From Craig Brown’s review of Sewell’s Outsider II, The Mail on Sunday

 

Best anecdote
“Another rumour is that [Alan] Bennett knew that his Gloucester Crescent neighbour [Jonathan Miller] would always dash to take a phone call. Therefore, just for a prank, he would wait for Miller to emerge from his house. Having seen him secure all the locks and head down the front steps, Bennett would then dial his number and watch him going frantically into reverse.”
From In Two Minds: A Biography of Jonathan Miller by Kate Bassett

 

Cheeriest author
[After serving Philip Roth with a bagel and orange juice, a young writer working in a New York deli nervously shows him his debut novel, Balls]
“Staring at the cover, he said: ‘Great title. I’m surprised I didn’t think of it myself.’ Barely able to keep myself upright, I told him ‘Thank you’. Then Roth, who, the world would learn 16 days later, was retiring from writing, said, in an even tone, with seeming sincerity: ‘Yeah, this is great. But I would quit while you’re ahead. Really, it’s an awful field. Just torture. Awful. You write and write, and you have to throw almost all of it away because it’s not any good. I would say just stop now. You don’t want to do this to yourself. That’s my advice to you.’”
Julian Tepper, The Paris Review

 

Biggest interview blunder
Interviewer: “It can’t be Tom Cruise!” [to play Lee Child’s eponymous 6’ 5” hero in the then yet-to-be-cast movie Jack Reacher]. Lee Child: “There’s no danger of that whatsoever.”
From an Australian interview ­reproduced on Child’s website. Cruise was cast as Reacher a few months later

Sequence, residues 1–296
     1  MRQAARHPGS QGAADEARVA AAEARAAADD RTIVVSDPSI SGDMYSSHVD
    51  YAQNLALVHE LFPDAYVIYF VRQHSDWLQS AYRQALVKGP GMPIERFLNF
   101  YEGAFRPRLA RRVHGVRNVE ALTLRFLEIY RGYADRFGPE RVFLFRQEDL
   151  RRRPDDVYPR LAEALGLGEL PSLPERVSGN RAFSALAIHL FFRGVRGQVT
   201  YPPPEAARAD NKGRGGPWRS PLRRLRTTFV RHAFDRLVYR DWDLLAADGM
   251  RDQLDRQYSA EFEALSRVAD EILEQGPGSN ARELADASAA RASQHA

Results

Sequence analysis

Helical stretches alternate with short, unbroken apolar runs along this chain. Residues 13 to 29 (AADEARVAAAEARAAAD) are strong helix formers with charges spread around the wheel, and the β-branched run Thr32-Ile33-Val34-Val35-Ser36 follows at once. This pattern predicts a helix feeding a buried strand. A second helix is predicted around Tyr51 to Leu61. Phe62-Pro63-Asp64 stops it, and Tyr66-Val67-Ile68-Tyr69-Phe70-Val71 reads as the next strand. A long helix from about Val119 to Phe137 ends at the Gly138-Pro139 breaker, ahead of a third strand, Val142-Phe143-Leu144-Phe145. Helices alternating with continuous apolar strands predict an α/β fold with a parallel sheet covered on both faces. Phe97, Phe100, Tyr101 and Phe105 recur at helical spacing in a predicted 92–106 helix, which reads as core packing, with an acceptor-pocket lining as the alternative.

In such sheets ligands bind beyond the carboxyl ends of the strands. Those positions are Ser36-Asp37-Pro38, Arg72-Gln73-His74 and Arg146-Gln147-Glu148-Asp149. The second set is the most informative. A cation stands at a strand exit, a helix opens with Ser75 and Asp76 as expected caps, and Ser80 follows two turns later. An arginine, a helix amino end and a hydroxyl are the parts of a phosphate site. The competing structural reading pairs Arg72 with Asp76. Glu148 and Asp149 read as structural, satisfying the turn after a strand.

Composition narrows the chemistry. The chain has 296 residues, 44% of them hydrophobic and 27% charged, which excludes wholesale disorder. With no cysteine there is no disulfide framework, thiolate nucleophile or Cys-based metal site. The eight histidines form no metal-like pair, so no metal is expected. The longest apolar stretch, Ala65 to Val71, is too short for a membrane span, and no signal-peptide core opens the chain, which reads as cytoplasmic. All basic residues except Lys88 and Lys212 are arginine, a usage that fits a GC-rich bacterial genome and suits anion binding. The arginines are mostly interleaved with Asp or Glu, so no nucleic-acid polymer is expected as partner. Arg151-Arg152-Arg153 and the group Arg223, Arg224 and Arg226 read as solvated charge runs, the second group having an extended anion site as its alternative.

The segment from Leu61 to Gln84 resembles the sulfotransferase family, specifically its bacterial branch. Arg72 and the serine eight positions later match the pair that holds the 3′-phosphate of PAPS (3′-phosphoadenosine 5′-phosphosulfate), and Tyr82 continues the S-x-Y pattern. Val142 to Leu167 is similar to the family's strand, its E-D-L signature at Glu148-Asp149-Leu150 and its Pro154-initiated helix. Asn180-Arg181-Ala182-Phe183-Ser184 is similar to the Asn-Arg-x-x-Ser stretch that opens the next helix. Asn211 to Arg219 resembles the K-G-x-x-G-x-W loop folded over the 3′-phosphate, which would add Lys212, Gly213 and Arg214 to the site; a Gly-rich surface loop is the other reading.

Runner-up
“[Waterstones boss James] Daunt makes no bones about his dislike of Amazon. ‘They never struck me as being a sort of business in the consumer’s interest. They’re a ruthless, money-making devil.”
From an interview in The Independent. Daunt announced a deal with Amazon to showcase Kindles in his stores a few months later

 

Most convincing claim to be the original Christian Grey
“After a year of marriage to the ­controversial French novelist Alain Robbe-Grillet, his young wife Catherine found five sheets of paper tied with a thin red ribbon, that he had placed in her desk drawer.
This was no love letter, but a ‘contract for marital prostitution’. It laid out the terms of a sadomasochistic relationship that was to span half a century and feature multiple lovers, bondage, whips and orgies…Robbe-Grillet stipulated the humiliations and tortures he set out for her. ‘She will be constantly slapped, bitten, etc,’ he decreed. ‘Her flesh will be bruised with fingernails, preferably in the most sensitive places; finally, she will be whipped, several times per session for as long as her husband desires.’  ”